And that glove save? Career-highlight-reel stuff.
5. Boston's slow start
In general, a thing you do not want to do is give up a goal in the first two minutes of a period. You certainly don't want to do that twice in a game.
But Montreal scored at 1:14 of the first and 2:00 of the second, more or less deflating (ha ha ha) the Foxborough crowd that otherwise had plenty of reason to be rowdy. And in a stadium that's often criticized for being a little quiet even in high-pressure NFL games, Gillette Stadium suddenly seemed like a morgue
For their part, the Bruins had little understanding of what, exactly, went wrong.
“If we had the answer we would have been ready for sure,” defenseman Torey Krug said. “You talk about it, it's such a big game, and maybe we were overhyped, a little bit nervous to start, but at some point you think it's gonna click. It seemed like we were just waiting around, waiting for a bounce or something.
Boston just came out totally bereft of jump and got pummeled for two periods. They finally got one back in the third, and conceded less than five minutes later. Not how you want to play in the biggest regular-season game you'll ever experience.
“It's always what-ifs,” Krug added. “Forever now, this is gonna be a game that we're not very proud of, and we're always going to look back and be embarrassed about. We just didn't do a good job of responding. I thought emotionally it was there for them and it wasn't for us. When the other team scores a goal or a big play happens, we need our best players to step up and make something happen for us. Unfortunately we were just waiting around tonight. It's not acceptable.”
4. Putting Zac Rinaldo out at the end of the game
This is going to shock you, but until the final five minutes of the game, Zac Rinaldo pulled just one shift as the Bruins tried (and failed) to mount a reasonable comeback.
Then in the final five minutes, he played 1:52. And then he did this.
The reason you put Rinaldo on the ice with that little time to go in a blowout is to do exactly this kind of garbage, and the fact that there are no repercussions apparently forthcoming — he wasn't penalized, and you don't get suspended for a gloved punch regardless of situation — tells you plenty about what's still wrong with this league.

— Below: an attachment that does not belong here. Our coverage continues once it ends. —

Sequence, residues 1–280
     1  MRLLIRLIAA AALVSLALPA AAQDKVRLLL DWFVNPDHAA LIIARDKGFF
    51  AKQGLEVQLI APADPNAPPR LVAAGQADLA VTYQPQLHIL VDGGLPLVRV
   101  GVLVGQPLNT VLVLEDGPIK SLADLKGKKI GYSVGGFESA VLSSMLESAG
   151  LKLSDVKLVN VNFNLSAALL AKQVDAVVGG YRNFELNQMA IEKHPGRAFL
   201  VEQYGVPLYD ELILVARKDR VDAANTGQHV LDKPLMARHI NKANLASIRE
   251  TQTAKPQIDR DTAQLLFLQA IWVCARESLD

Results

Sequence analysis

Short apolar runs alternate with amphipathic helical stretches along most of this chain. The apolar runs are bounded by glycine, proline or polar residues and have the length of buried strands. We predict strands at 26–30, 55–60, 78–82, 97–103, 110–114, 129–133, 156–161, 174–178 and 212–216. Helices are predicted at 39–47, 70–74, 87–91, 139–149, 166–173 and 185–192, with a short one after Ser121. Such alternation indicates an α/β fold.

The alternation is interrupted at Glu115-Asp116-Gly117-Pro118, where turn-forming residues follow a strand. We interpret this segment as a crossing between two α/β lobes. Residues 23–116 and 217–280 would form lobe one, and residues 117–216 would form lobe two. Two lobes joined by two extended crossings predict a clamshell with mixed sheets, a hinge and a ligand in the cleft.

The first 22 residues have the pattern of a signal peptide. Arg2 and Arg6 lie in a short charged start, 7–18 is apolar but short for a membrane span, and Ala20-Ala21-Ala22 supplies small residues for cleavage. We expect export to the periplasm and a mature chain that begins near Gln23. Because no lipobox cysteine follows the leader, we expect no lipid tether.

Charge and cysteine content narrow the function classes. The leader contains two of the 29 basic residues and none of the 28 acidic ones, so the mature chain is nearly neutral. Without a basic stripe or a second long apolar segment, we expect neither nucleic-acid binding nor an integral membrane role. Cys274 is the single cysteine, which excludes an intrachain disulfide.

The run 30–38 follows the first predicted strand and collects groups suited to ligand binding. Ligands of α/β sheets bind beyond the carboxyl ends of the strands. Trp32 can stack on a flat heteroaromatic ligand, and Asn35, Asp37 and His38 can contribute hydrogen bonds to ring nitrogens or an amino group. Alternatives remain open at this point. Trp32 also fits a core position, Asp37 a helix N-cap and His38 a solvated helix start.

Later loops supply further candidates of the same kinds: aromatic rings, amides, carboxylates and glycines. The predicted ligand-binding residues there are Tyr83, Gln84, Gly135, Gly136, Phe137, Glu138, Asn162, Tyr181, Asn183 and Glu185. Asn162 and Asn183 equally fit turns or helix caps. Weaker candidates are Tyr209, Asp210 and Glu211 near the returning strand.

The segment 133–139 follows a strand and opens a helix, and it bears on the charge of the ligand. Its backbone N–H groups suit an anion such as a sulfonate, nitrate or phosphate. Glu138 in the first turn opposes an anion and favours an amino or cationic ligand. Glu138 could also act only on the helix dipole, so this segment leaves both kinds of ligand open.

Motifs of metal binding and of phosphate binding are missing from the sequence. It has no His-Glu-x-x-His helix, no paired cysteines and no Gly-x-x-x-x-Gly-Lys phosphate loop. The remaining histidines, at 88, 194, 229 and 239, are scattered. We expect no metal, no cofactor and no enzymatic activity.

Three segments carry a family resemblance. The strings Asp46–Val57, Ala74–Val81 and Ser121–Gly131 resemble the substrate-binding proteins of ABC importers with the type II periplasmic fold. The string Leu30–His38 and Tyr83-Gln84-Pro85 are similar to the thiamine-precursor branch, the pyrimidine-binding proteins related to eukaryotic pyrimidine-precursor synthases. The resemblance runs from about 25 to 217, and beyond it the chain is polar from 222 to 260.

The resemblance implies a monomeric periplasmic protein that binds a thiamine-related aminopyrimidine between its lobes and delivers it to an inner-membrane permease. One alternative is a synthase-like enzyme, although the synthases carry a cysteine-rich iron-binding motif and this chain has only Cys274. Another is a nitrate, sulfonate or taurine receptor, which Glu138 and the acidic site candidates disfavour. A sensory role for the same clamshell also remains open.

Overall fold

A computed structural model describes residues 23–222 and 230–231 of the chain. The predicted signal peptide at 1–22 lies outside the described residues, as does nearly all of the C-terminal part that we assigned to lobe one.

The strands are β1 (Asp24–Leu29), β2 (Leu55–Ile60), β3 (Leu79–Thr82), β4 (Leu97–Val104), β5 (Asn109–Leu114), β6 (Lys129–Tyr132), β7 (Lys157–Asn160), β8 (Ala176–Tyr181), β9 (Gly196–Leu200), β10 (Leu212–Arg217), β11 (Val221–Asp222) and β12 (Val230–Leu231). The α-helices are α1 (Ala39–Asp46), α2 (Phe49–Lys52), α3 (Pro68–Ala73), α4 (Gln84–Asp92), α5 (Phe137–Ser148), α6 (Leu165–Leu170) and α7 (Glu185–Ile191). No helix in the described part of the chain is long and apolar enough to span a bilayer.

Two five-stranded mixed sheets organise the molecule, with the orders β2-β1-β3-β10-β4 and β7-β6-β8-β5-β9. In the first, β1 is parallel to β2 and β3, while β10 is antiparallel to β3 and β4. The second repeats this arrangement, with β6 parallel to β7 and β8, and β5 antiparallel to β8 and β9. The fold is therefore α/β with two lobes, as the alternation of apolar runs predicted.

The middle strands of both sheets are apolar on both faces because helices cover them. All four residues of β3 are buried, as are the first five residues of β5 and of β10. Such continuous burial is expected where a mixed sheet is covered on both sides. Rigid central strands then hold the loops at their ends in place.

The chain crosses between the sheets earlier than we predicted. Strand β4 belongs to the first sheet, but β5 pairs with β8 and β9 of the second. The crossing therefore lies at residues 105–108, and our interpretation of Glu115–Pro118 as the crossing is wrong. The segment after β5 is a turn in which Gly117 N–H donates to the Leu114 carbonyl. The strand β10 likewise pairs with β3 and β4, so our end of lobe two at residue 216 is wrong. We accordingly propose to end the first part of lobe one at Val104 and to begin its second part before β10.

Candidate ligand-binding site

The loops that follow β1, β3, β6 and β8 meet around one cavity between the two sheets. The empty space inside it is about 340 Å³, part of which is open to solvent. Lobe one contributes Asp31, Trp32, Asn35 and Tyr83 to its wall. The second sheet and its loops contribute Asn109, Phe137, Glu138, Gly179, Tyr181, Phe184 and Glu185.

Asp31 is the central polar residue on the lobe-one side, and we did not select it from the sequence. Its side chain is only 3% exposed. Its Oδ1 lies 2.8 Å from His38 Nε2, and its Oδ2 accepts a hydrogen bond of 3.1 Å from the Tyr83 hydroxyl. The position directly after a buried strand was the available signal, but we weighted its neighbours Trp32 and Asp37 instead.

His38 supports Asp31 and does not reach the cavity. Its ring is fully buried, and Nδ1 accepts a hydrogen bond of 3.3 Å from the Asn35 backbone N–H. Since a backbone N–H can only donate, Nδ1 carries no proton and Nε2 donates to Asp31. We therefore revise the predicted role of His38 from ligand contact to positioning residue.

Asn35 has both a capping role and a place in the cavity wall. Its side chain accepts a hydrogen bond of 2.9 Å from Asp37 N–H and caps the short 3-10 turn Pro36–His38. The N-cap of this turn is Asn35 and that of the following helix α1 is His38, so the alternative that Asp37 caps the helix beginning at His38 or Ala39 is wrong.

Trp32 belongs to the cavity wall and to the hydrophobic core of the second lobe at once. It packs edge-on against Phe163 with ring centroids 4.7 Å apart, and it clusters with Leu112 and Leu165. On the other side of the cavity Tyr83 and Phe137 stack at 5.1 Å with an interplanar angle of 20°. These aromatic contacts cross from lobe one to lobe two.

Players like Rinaldo can still be used like that, and no one has to answer for it. Pretty gross.
3. The ice (for one day)
The big complaint on Thursday afternoon, for practices, the women's game, and the alumni game, was that the ice was garbage.
Bruins defenseman Dennis Seidenberg basically worked a criticism of the ice conditions into a healthy percentage of quotes he gave in the Thursday media availability, and others echoed the sentiments, albeit not quite so vehemently. Seidenberg went so far as to call them “dangerous.”
However, that was on a day when it was very sunny, and that's going to really make things more difficult. But Friday was overcast basically all day — the sun came out for 30 minutes or so before the fans were even allowed in the building two hours early — and that did wonders for the surface quality.
“The ice was very good,” Seidenberg said after the Winter Classic itself. “Way, way better than yesterday. The lighting was good too. The conditions were great, nothing to complain about. We just didn’t execute.”
2. Denna Laing's injury
The women's game got short shrift to begin with. No overtime, two periods of running time, not on television, and so on. But it was further marred by the very, very scary injury to Boston Pride forward Denna Laing, who stepped on a stick near the endboards and took a scary spill
She's still hospitalized and there hasn't been much word on her condition, with her family requesting that she be given her privacy.
1. That Bruins hat
Have you seen this thing? Did they steal it from an extra in the “Parents Just Don't Understand” video? Good lord.